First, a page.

She was married to crown prince of Chittore. But shortly after, her husband Bhojraj and father-in-law Rana Sangh died. Mira refused to commit Sati, as was the practice among Rajputs. She was by conviction wedded to Giridhar Gopal, and death of "earthly" husband had no meaning to her. She spent all her time in praying, meditation, singing and dancing before her beloved idol, installed in the palace premises. The place started attracting many devotees, wandering saints and spiritual seekers. Mira found great solace in their company. 

But this strange behavior was not acceptable to royal household and the ruling king, her brother-in-law. They thought of various modes of diverting her attention and save the glare of public. (Rajput women then and even now (year 2001) observe strict purdah) .Some songs of Mira reflect the agony and persecution she had to undergo. But her Giridhar Gopal always proved her savior.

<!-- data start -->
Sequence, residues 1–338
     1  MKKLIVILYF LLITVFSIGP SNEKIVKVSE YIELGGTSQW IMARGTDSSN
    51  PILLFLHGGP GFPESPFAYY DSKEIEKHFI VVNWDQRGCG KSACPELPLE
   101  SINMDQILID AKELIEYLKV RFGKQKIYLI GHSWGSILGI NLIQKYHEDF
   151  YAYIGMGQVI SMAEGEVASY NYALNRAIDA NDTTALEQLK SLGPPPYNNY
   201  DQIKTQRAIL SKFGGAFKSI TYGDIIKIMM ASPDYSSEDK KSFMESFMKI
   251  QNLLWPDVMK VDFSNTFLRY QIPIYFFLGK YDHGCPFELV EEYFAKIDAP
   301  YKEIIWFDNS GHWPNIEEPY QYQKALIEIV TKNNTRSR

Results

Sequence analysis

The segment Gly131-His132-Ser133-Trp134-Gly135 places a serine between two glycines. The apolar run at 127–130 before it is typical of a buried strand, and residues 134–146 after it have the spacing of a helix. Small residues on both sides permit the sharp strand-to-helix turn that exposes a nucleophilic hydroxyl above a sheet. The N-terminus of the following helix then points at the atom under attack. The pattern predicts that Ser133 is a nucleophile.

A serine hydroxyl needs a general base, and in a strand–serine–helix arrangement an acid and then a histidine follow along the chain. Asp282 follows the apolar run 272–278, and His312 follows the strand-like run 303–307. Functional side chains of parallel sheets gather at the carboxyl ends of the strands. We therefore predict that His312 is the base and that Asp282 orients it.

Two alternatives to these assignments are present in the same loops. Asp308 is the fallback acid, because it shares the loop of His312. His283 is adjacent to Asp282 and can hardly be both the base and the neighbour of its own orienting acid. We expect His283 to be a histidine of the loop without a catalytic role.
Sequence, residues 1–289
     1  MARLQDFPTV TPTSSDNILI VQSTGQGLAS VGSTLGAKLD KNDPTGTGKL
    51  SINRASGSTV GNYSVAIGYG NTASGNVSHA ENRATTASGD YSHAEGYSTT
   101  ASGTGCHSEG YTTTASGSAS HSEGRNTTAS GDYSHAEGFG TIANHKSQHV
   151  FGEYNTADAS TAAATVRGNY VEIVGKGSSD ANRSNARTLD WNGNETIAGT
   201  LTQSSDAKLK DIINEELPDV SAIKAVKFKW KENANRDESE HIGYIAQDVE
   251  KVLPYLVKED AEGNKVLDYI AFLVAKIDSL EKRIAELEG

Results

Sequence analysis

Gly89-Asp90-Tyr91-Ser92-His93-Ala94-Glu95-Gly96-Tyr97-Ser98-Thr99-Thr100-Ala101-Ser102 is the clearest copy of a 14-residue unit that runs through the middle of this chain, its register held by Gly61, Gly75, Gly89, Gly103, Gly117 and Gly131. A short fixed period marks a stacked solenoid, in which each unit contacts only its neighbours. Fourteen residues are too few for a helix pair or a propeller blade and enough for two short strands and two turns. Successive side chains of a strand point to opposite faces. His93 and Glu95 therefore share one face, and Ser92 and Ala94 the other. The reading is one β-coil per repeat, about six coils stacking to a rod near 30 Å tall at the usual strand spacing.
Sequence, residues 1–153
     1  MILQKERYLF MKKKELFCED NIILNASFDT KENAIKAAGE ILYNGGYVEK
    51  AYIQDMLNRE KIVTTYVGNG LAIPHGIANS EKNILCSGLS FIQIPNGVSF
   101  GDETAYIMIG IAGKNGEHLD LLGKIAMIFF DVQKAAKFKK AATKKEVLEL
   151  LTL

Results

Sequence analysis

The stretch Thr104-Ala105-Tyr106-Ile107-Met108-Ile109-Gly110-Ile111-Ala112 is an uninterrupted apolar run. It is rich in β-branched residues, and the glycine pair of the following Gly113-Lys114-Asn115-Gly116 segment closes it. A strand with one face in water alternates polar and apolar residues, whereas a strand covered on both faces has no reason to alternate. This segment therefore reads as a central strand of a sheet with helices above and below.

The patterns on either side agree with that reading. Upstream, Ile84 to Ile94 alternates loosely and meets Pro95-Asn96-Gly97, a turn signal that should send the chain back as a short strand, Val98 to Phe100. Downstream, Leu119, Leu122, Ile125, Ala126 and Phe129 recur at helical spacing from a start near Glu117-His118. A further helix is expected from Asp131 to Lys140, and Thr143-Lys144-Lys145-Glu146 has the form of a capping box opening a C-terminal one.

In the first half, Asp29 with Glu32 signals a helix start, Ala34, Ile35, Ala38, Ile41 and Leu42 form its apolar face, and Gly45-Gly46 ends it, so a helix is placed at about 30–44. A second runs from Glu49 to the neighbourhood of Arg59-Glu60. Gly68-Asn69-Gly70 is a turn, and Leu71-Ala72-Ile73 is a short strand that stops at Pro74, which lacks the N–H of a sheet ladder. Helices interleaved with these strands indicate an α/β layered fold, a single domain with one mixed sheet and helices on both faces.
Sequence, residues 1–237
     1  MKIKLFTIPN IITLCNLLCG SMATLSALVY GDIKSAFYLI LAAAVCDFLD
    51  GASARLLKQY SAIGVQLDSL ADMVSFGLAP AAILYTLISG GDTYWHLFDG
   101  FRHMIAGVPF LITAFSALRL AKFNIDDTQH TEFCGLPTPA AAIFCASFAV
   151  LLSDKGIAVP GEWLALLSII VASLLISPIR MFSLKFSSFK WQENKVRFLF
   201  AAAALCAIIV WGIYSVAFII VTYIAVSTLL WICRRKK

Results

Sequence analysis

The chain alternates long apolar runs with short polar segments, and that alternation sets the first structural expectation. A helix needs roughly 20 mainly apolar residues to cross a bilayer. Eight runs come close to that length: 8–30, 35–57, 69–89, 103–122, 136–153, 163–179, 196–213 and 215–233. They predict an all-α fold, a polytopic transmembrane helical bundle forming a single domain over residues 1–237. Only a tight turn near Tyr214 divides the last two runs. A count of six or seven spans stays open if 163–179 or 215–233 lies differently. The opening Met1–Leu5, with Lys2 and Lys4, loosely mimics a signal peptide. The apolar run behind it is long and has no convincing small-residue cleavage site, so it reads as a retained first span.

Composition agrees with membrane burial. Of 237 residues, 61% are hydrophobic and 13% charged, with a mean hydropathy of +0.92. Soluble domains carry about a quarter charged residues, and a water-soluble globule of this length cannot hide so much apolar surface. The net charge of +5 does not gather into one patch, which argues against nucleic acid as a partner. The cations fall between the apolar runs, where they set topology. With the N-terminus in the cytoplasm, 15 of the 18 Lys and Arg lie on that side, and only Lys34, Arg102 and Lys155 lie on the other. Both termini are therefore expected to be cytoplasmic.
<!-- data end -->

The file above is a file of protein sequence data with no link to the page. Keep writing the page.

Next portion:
"The Rana sent Mira a basketful of flowers with a snake inside. Mira absorbed in worship, put her hand into the basket to take flowers. Oh God! The snake had changed into a Saligrama! (Saligrama is a small round shaped black stone from the Gandaki river in Himalayas and is worshipped as a symbol of Vishnu).

Determined to kill Mira, the Rana sent a cup of poison. She prayed to Gopal and drank it. The poison turned into nectar. The Rana got a bed of sharp nails and Mira was made to lay down on it. But the nails turned to flowers. Mira was saved from all these dangers by none other than her Lord. Now intoxicated with immense love, she wanders all over in search of her Lord, dedicating herself to him entirely" she sang.